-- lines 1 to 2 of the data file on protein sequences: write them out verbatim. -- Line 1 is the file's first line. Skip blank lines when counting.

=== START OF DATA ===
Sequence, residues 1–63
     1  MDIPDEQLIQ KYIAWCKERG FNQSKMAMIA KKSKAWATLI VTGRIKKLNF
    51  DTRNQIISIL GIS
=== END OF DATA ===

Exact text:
Sequence, residues 1–63
     1  MDIPDEQLIQ KYIAWCKERG FNQSKMAMIA KKSKAWATLI VTGRIKKLNF